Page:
Sitting doesn’t undo activity

I agree that prolonged inactivity is bad for us, but I hate the message that sitting makes activity useless. This has caused two rather harmful outcomes that I have spent the year trying to undo in friends, family, clients, and lolo customers:

1. “If I’m sitting all day anyway, I guess I shouldn’t bother exercising.” As I mentioned above, movement is what matters, not just standing more. The message of movement doesn’t matter creates a sense of doom and futility that convinces people to abandon the very activities that will prolong their lives. I understand the point everyone was trying to say which was “move more,” but a lot of the phrasing I’ve seen over the past year can and has delivered the opposite message. Don’t give up on your activities because you have a desk job. Stick with your exercise routine and simply break up your sitting every hour (at least) with a quick bit of movement. Getting up and walking around for a minute every hour will protect you from the harmful effects of occupational sitting.


2. “I shouldn’t do cycling because the sitting makes it useless.” Cycling is a great exercise and one I recommend all the time, especially for beginners. A lot of beginners come out of the gate too hard and hurt themselves before their bones, joints, and muscles are ready for the increased stress of exercise. Typically, this is from people hopping off the couch and going for a lengthy run. This usually leads to shin splints and knee and foot injuries. I typically tell deconditioned beginners to start with walking or cycling as their first cardio workouts. Cycling in particular is excellent for people who are already suffering from knee pain. It’s a great way to rehab the joint and strengthen the supporting muscles, plus you’ll burn a ton of calories, even though you’re sitting down.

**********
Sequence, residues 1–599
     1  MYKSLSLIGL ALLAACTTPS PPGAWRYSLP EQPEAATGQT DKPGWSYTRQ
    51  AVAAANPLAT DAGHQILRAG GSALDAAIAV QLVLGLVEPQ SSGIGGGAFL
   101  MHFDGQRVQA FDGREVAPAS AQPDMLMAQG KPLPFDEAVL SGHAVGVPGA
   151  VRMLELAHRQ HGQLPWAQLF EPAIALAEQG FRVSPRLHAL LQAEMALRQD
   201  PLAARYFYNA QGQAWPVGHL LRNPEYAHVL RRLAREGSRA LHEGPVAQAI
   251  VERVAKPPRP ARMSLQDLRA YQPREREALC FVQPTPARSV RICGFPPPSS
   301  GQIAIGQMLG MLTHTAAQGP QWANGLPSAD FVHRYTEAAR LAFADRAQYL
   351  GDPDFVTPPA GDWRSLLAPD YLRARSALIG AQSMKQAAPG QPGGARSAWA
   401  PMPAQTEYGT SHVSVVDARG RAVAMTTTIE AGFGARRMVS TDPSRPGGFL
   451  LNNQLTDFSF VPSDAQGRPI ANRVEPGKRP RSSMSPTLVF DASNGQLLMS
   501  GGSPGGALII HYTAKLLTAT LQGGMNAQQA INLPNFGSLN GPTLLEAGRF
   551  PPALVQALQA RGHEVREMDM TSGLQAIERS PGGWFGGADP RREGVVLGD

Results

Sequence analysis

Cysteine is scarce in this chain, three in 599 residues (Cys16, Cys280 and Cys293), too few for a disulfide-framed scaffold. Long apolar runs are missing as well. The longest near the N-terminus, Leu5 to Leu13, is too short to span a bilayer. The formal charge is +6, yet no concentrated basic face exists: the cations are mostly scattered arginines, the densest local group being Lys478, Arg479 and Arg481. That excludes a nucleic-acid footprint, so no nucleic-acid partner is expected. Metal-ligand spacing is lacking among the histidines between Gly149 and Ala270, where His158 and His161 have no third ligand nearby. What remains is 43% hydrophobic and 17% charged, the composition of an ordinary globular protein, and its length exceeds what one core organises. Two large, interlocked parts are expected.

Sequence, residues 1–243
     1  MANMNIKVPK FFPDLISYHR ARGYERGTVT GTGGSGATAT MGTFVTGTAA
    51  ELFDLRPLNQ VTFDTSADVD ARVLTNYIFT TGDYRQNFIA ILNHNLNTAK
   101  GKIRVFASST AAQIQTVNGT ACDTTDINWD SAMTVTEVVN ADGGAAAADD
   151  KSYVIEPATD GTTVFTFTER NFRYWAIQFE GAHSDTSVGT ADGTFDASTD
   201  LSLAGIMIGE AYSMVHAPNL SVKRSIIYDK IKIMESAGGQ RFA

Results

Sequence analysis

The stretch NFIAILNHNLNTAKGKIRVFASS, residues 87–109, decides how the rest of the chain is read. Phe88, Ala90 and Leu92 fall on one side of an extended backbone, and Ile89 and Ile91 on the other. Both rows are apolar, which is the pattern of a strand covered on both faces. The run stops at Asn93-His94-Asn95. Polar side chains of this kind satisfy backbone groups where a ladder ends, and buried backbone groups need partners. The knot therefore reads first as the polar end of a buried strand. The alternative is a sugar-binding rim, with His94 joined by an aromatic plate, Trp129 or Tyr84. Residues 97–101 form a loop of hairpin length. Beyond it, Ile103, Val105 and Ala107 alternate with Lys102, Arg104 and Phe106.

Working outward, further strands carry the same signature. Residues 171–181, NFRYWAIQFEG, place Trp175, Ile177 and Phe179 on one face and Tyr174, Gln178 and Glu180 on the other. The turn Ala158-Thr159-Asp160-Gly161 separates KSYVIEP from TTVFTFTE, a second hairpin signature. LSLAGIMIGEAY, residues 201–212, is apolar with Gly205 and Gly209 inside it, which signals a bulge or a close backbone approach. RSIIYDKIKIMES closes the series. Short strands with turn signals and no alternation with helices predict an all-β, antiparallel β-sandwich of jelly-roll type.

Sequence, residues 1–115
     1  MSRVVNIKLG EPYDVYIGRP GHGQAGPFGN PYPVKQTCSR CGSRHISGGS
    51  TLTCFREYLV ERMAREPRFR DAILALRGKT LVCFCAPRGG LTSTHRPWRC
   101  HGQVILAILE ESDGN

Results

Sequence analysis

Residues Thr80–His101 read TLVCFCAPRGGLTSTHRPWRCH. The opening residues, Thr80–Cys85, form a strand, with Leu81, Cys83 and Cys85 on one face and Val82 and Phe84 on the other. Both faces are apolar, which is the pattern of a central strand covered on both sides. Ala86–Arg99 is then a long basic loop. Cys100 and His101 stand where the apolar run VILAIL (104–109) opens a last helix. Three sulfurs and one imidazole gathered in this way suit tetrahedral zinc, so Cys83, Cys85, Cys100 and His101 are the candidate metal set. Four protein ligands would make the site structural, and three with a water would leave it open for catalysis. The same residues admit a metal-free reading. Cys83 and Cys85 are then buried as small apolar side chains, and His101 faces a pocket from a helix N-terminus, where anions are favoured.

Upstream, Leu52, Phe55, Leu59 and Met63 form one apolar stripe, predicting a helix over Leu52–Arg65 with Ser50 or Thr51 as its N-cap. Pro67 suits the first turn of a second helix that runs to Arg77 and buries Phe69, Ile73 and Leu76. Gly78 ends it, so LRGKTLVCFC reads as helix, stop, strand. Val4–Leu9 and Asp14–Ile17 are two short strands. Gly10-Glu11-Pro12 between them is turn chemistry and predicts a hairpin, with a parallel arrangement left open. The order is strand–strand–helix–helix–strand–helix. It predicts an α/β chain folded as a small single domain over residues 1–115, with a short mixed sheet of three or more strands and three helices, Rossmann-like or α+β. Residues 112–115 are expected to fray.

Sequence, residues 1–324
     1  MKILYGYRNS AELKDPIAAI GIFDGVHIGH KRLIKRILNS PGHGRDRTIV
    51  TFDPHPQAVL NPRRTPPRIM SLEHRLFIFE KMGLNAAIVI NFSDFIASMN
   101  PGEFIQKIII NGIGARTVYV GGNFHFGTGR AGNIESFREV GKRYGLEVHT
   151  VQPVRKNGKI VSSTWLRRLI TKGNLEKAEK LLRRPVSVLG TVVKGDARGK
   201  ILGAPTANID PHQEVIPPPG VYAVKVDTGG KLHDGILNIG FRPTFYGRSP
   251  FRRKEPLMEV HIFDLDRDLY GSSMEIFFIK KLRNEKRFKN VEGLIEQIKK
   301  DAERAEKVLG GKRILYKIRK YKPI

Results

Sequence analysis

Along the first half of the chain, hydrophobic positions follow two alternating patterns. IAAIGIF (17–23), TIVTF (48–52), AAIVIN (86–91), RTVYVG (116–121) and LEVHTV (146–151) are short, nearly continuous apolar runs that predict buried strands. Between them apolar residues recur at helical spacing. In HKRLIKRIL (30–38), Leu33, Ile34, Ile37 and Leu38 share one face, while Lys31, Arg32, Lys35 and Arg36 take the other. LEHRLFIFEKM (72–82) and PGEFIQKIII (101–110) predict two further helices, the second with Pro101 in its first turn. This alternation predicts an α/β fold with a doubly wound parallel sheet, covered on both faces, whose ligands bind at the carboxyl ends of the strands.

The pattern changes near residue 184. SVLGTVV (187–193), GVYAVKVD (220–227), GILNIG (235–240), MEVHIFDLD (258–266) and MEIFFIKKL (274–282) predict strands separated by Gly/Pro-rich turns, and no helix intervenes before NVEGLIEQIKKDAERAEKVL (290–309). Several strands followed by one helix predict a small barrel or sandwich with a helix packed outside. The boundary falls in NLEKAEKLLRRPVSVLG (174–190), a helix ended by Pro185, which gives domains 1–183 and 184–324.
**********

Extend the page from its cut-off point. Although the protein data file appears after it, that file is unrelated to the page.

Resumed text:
Don’t sit still

Cycling works because it gets your muscles contracting, even though you’re seated. Like I said above, it’s sitting motionless that’s harmful, not just sitting. In fact, a recent study found that women who fidgeted while seated did not suffer increased mortality risks from too much sitting. It once again gets back to movement. Even though your muscles aren’t carrying your weight, getting them moving improves your blood glucose control and vascular responsiveness.

Don’t get too focused on one thing

Like with most health-related stories, these anti-sitting articles get people too focused on one facet of their routine rather than the whole picture. Simply switching from a sitting desk to a standing one isn’t going to save you if you never exercise and you eat a comically unhealthy diet. Sitting all day at work isn’t going to give you diabetes if you’re already keeping your sugar intake reasonable. Stress is also harmful to your health and stressing out that your desk job is killing you isn’t exactly going to help. Sitting can be harmful, but it’s negative effects are easily overcome with a good diet and a little bit of movement every hour. You don’t need to buy an expensive standing desk to prolong your life. Just get in your workouts wherever you can (because they do matter), and simply try to add more movement into your day.